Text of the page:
Looking Back: Fort Morgan rock

Birmingham - Bloomfield Eagle | Published August 19, 2015

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Recently, the Birmingham Historical Museum and Park received a call from a woman asking about the Fort Morgan rock located on museum property, interested to see if it truly was from Fort Morgan in Mobile, Alabama.

She said she was related to Revolutionary War General Daniel Morgan, whom the fort is named after. She did not see any clear connection between Mobile and Birmingham, Michigan. A search into her inquiry revealed that more than 20 years ago, then-President of the Birmingham Historical Society, Max Horton, had already answered this question. The following is his research behind the Fort Morgan rock:

John Allen Bigelow, a Civil War captain, decided that Birmingham should have an actual piece of Civil War equipment as a memorial. Through a community fundraiser, Bigelow was able to purchase a Fort Morgan cannon from the federal government in 1904, 40 years after the historic Battle of Mobile Bay.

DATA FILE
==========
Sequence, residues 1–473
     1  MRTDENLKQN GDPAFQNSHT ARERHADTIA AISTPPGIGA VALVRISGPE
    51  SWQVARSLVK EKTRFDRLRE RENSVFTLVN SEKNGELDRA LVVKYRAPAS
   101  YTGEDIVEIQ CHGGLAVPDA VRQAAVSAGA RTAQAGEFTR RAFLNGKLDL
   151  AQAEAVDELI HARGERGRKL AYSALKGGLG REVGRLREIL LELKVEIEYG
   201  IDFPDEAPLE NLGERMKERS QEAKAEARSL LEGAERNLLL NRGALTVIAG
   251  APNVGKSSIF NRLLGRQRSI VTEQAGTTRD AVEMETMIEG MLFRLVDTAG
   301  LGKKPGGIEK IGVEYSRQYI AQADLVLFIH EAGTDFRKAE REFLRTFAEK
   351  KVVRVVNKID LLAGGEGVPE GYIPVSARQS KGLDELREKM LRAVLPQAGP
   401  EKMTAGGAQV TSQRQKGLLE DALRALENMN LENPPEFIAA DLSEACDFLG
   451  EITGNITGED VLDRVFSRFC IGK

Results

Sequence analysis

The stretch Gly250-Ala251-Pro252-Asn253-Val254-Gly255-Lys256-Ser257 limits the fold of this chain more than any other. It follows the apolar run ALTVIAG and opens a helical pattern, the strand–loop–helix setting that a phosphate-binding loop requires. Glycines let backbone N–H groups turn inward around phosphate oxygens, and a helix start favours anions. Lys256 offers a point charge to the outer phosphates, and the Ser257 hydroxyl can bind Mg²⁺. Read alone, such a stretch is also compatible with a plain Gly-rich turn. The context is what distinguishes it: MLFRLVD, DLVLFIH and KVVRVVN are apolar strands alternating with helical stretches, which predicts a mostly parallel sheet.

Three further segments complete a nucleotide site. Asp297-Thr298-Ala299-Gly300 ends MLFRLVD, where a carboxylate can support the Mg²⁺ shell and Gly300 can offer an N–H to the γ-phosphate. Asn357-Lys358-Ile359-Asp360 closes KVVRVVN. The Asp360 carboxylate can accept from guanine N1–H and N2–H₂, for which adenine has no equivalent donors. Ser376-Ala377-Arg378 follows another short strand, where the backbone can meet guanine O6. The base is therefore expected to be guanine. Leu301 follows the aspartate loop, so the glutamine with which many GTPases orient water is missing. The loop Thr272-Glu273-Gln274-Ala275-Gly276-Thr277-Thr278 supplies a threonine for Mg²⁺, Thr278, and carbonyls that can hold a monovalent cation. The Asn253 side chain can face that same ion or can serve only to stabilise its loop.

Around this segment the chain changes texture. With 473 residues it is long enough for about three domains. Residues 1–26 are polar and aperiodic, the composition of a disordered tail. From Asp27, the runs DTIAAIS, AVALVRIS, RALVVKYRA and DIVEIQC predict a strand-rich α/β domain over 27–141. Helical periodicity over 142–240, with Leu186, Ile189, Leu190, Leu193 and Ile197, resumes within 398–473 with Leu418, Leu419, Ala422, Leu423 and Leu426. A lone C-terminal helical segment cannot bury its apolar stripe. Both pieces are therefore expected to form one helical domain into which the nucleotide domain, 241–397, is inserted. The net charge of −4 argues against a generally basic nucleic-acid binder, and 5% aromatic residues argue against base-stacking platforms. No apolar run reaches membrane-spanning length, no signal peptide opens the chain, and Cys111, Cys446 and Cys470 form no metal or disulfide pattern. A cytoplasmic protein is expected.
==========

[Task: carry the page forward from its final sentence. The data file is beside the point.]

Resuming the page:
He also commissioned John Felder, a local stoneworker, to construct a concrete base for the cannon. The cannon and base were placed at Hill Elementary School, where for years kids played on the artifact.

During World War II, the cannon was melted down in a scrap metal drive. The base disappeared for nearly 50 years until it was discovered in 1992 at an old city dump on Coolidge near 14 Mile Road.

The Birmingham Historic District and Design Review Commission determined that the base would be placed next to the Allen House, where it could be treated with due honor.

You can see the Fort Morgan rock at the Birmingham Historical Museum and Park, located at 556 W. Maple Road in downtown Birmingham.

— Brittany Hendryx, Birmingham Historical Museum and Park

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